Economic Survey 2006-2007

Table 1.4 : Real gross domestic capital formation
(as percent of GDP at constant 1999-2000 market prices) 1999-00 GDCF* Public Private Corporate sector Household sector Valuables GFCF Public Private Change in stocks Public Private Valuables
Note : GDCF : Gross domestic capital formation GFCF : Gross domestic fixed capital formation Figures may not add up due to rounding *Adjusted for errors and omissions Q : Quick Source : Central Statistical Organisation

2000-01 23.8 6.9 16.3 5.6 10.6 0.7 22.5 6.5 16.1 0.6 0.4 0.2 0.7

2001-02 22.2 6.8 15.8 5.2 10.6 0.6 22.4 6.4 16.0 0.1 0.4 -0.2 0.6

2002-03 25.0 6.1 18.1 5.8 12.3 0.6 23.5 6.2 17.2 0.7 -0.2 0.9 0.6

2003-0)4 27.4 6.0 19.1 6.7 12.4 0.9 24.5 6.4 18.1 0.6 -0.3 0.9 0.9

2004-05 30.2 6.5 20.6 9.5 11.1 1.3 25.3 6.2 19.0 1.8 0.3 1.5 1.3

2005-06(Q) 32.2 6.9 22.6 12.2 10.3 1.2 26.7 6.5 20.2 2.8 0.4 2.4 1.2

25.9 7.4 17.9 7.4 10.5 0.8 23.4 6.6 16.8 1.9 0.8 1.1 0.8

machinery) to growth of GDFC was lower than the corresponding contribution of changes in stocks between 2003-04 and 2004-05. While GFCF continued to lag behind changes in stocks in terms of contribution, the difference between the two contributions narrowed. This may indicate a recent pick up in fresh investment for creating additional capacity through fixed capital formation, particularly in the private sector. 1.40 From the demand-side perspective, unlike countries of East Asia during their highgrowth phase or China in more recent times, GDP growth in India in the post-reform period was driven mostly by private final consumption expenditure or PFCE growth. PFCE contributed more than one half of the growth every year until 2001-02. After falling below one half in 2002-03, it had again dominated GDP growth in 2003-04. But this pattern appears to have undergone a virtuous transformation with investment rather than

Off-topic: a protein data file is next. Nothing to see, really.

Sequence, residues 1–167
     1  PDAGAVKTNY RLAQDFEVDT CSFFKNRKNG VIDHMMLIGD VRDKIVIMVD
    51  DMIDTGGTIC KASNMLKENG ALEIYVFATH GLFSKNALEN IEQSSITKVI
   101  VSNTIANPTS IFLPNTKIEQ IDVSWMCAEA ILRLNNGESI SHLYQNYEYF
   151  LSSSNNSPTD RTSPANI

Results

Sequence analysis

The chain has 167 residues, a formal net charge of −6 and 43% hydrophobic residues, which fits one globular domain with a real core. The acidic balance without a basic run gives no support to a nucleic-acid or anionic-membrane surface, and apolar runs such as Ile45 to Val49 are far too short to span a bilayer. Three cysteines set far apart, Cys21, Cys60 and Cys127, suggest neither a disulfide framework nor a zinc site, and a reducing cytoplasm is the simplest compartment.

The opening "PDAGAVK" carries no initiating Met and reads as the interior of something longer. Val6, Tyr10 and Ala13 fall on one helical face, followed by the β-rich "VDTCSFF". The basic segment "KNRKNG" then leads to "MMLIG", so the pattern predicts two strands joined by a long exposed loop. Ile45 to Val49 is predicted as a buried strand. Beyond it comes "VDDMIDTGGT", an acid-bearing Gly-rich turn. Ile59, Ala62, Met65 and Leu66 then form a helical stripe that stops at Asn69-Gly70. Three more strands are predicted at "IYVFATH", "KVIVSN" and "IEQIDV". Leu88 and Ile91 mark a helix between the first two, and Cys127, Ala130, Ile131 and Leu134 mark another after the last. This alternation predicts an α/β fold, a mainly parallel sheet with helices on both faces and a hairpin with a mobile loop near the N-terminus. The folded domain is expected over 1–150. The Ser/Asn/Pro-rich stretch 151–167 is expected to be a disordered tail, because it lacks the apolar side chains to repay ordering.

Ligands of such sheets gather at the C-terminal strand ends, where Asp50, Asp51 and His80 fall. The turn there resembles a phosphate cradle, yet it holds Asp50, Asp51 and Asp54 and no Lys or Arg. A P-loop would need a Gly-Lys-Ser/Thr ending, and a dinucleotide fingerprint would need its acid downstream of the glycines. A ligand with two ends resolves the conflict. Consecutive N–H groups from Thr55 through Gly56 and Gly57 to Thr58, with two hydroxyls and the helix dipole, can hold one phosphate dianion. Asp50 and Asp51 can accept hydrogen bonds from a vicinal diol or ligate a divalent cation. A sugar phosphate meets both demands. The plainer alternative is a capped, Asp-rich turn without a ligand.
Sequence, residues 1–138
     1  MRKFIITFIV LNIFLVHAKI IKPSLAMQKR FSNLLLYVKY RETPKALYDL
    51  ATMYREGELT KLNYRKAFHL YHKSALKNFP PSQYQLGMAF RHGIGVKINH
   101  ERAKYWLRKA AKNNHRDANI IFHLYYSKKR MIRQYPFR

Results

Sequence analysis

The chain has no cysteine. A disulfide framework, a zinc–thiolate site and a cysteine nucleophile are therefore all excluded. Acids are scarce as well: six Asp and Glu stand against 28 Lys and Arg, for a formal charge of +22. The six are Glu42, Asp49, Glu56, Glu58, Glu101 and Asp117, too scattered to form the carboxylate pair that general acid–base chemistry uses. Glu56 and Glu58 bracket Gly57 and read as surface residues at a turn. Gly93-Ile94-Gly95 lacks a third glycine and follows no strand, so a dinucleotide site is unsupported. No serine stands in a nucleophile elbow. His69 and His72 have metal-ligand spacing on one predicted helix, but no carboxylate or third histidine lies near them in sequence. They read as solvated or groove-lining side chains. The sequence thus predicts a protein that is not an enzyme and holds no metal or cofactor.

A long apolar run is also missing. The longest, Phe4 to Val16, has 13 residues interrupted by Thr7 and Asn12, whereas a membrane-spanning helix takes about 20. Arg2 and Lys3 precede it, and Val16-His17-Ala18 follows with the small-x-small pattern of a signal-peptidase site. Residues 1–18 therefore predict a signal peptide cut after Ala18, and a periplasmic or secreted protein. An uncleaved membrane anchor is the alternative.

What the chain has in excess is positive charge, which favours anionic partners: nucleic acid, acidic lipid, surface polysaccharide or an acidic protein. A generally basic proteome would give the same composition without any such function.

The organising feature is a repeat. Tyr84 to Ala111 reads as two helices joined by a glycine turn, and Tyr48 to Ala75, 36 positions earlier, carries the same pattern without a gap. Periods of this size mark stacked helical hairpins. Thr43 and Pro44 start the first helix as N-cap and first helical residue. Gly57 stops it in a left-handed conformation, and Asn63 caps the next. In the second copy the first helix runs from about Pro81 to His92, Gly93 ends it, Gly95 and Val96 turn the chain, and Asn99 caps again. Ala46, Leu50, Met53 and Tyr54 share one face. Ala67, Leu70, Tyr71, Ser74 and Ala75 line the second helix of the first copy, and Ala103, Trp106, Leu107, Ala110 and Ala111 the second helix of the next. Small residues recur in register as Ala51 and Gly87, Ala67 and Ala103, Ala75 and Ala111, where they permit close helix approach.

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private consumption being the main source of GDP growth in the latest two years of 200405 and 2005-06 (Figure 1.2 and Table 1.5). Data on consumption and investment in the national accounts available until 2004-05 show that the 6.8 percentage point contribution of investment to 13.1 per cent growth in GDP at current market prices in 2004-05 exceeded the corresponding contribution of private final consumption expenditure at 6.1 percentage point for the first time in recent years. In terms of contribution to growth of GDP at current market prices, from the demand side, investment continued to provide the lead during 2004-05 and 2005-06. The percentage point contribution of investment in the growth of GDP at current market prices of 13.1 per cent and 14.1 per cent in 2004-05 and 200506, respectively, were 7.6 per cent and 7.0 per cent, respectively. With imports growing faster than exports, the external balance continued to have a negative contribution to GDP growth in recent years.
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21 200000000001
00

20001 000